“When the settler community denies us our sacred place, then I must wonder if they even regard us as human beings.” Albert Dumont
Kwey Senator and Chair Lillian Dyck, Senator and Deputy Chair Scott Tannas, and all members of the Standing Senate Committee on Aboriginal People (APPA),
As many know, one of the main differences between Indigenous people and most if not all settler Canadians and our knowledge philosophies is that Indigenous people value the original dream of the Creator and Creator’s natural law. Another way to understand this difference is to value that Indigenous assumptions, beliefs, knowledge, teachings, and rituals are intentionally and consciously designed around natural models and features. This serves to keep us rooted within the naturalistic tradition. In short, the naturalistic tradition places natural law at its core where humans are placed within the context of all the other beings.
The naturalistic tradition is different from the humanistic tradition. The humanistic tradition places humans above the natural world and above all the other beings. This includes all of humanity’s creations such as governance and economic traditions. They are not designed to work with Creation; rather they are designed to control and monopolize Creation. While humans are smart beings and we are able to create amazing things with the gift of our mind, our egos and blind selfishness of the paramount importance of the natural world, and that humans too readily default to, is our own worst enemy. This is what is meant by the Anishinaabe philosophy and saying, ‘humans are pitiful’.
As we all know the humanistic tradition and inventions that emerge from it is devastating our collective land and waterscapes, so much so that our water is polluted with layers and layers of different kinds of pollution: debris such as plastic and other forms of garbage; chemicals such as organic compounds like dioxins, heavy metals, and pharmaceuticals; sewage and biological waste; and radioactive particles. Again, this is the result of human beings placing their needs over and above all the beings within the natural world.
The problem is that most people are suffering from ‘cognitive paradigm paralysis’, meaning they are unable to think conceptually about the paradigm they live within, and thus unable to think critically about the limitations of their paradigm ‒ the humanistic paradigm ‒ and value that there is a better more intelligent option waiting for them to shift into. The culprit is the pitifulness of human cognition.
A telling example of people’s inability to understand that they are stuck within the irrational humanistic tradition / paradigm is the fact that when a brick and mortar Church, Mosque, or Synagogue is damaged, people are disgusted and outraged and they call it a hate crime; yet when a natural Indigenous sacred place such as Akikodjiwon and Akikpautik located within the natural world of the land and waterscape of the Ottawa River is further desecrated these same people are unable to shift conceptually and value that this too is a hate crime. This inability continues to harm Indigenous people as well as all people and Creation.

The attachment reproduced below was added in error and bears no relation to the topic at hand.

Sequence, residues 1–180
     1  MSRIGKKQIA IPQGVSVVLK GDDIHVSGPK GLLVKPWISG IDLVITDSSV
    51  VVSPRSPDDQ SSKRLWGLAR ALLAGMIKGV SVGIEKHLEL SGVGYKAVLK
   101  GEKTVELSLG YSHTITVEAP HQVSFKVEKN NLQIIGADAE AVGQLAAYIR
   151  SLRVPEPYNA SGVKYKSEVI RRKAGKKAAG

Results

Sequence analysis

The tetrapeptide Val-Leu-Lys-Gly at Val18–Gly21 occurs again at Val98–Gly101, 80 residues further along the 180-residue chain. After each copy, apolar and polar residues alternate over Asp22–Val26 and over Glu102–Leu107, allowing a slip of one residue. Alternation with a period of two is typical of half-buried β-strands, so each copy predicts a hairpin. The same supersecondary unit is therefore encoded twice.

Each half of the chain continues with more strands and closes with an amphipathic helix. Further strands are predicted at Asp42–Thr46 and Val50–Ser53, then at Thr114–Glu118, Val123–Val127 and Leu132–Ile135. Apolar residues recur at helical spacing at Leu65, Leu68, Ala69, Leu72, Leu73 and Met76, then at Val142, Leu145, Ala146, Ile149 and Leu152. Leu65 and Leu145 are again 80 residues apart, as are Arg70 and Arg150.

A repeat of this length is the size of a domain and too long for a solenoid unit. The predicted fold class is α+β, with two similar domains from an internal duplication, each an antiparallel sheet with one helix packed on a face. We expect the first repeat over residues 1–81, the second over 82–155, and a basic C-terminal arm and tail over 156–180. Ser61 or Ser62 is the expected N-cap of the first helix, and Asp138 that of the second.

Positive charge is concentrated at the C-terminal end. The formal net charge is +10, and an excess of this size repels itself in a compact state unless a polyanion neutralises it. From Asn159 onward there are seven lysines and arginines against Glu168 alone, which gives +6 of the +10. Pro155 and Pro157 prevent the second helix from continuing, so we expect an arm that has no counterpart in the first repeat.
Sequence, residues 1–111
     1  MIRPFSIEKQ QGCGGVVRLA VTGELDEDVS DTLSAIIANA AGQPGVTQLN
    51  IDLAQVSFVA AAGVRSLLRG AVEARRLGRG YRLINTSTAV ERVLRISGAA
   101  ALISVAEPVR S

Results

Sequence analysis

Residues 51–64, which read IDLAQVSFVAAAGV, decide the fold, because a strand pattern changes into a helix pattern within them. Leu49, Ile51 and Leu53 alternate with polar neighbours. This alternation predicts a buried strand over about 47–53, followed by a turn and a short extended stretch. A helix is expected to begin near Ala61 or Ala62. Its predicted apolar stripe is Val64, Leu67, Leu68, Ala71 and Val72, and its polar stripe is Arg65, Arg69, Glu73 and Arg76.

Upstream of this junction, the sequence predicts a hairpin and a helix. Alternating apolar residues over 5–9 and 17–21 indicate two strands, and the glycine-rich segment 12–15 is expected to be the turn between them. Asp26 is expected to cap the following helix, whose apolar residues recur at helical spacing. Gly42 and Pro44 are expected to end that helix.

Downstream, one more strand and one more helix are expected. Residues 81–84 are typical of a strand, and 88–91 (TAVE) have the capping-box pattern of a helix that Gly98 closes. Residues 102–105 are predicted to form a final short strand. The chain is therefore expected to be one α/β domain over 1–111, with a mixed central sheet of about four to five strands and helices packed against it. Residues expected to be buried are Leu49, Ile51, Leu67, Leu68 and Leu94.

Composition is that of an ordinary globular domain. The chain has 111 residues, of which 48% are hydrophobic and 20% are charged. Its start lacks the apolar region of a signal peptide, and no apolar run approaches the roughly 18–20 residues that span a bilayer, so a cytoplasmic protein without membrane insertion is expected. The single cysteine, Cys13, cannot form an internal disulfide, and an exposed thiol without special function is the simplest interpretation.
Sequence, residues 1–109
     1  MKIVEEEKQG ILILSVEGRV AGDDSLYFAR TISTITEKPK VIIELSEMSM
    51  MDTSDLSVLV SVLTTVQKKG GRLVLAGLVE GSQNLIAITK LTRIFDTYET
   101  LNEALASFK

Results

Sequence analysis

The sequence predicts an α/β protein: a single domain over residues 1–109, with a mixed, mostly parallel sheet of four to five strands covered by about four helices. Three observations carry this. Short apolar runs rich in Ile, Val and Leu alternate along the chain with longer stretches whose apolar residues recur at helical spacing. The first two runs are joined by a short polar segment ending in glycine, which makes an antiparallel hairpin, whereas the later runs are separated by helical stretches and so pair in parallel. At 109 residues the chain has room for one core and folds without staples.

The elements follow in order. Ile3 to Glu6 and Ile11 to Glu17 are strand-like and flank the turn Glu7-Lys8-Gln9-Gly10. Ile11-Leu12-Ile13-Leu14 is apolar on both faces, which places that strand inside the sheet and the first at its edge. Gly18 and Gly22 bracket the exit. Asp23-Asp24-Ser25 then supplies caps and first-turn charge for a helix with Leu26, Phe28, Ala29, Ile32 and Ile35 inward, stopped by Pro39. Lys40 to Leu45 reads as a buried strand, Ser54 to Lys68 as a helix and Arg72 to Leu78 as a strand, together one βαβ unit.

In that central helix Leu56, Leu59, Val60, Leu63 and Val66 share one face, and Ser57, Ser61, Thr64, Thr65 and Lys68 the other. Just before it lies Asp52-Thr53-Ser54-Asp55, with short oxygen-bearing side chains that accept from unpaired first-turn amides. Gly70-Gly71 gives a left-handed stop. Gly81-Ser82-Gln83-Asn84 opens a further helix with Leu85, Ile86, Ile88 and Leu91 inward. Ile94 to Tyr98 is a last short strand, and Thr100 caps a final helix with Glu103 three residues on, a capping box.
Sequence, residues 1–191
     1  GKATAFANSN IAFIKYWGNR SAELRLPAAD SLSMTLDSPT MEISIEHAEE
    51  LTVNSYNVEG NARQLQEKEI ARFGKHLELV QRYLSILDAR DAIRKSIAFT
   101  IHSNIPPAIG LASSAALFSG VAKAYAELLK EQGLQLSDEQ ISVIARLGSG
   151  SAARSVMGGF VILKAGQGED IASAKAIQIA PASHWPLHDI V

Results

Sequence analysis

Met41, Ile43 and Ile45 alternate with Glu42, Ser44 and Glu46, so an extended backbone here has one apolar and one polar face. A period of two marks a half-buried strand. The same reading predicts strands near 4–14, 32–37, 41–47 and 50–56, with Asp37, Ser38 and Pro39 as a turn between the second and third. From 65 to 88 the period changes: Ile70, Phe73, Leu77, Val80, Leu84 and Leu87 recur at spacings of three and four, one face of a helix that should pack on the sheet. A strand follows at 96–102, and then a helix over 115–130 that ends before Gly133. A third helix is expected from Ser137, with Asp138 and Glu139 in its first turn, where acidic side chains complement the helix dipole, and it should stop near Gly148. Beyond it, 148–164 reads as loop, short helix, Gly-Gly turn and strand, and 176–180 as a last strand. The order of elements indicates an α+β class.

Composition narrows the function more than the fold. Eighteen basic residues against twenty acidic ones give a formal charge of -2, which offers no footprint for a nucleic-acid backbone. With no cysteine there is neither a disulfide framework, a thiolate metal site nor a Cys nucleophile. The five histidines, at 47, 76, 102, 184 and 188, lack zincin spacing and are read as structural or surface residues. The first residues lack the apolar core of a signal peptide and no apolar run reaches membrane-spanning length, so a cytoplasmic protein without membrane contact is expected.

Akikodjiwon and Akikpautik are the very land and waterscapes where Creator placed the First Sacred Pipe, the ultimate ritual and ceremony of reconciliation. The Spirit of the West Wind gifted his son Nanaboozo with the Sacred Pipe for fathers and sons, mothers and daughters, and citizens of all nations to assist in reconciliation. Sadly, Akikodjiwon and Akikpautik are slated for further desecration through the construction of Windmill’s condominium and retail complex. This is happening just upstream from Parliament Hill.
As many know I have been on a long learning journey piecing together what Canada has done, and continues to do, to Indigenous peoples. What I know for sure is the most effective way to destroy a people is to destroy their sacred beliefs, stories, and places. It is an abomination that the further desecration of this sacred place of reconciliation is happening during the time of the Liberal government’s reconciliation platform.
You are likely more familiar with my recent work challenging the sex discrimination in the Indian Act. Over the last few years I have also been working with allies from Free the Falls and Stop Windmill and Indigenous people and Elders regarding the need to respect Akikodjiwon and Akikpautik. We are at a loss about where to turn and so I turn to members of the Standing Senate Committee on Aboriginal People.
Lynn Gehl, Ph.D. is an Algonquin Anishinaabe-kwe from the Ottawa River Valley. In 2017 she won an Ontario Court of Appeal case on sex discrimination in The Indian Act, and is an outspoken critic of the Algonquin land claims process. Recently she published Claiming Anishinaabe: Decolonizing the Human Spirit. You can reach her through, and see more of her work, at www.lynngehl.com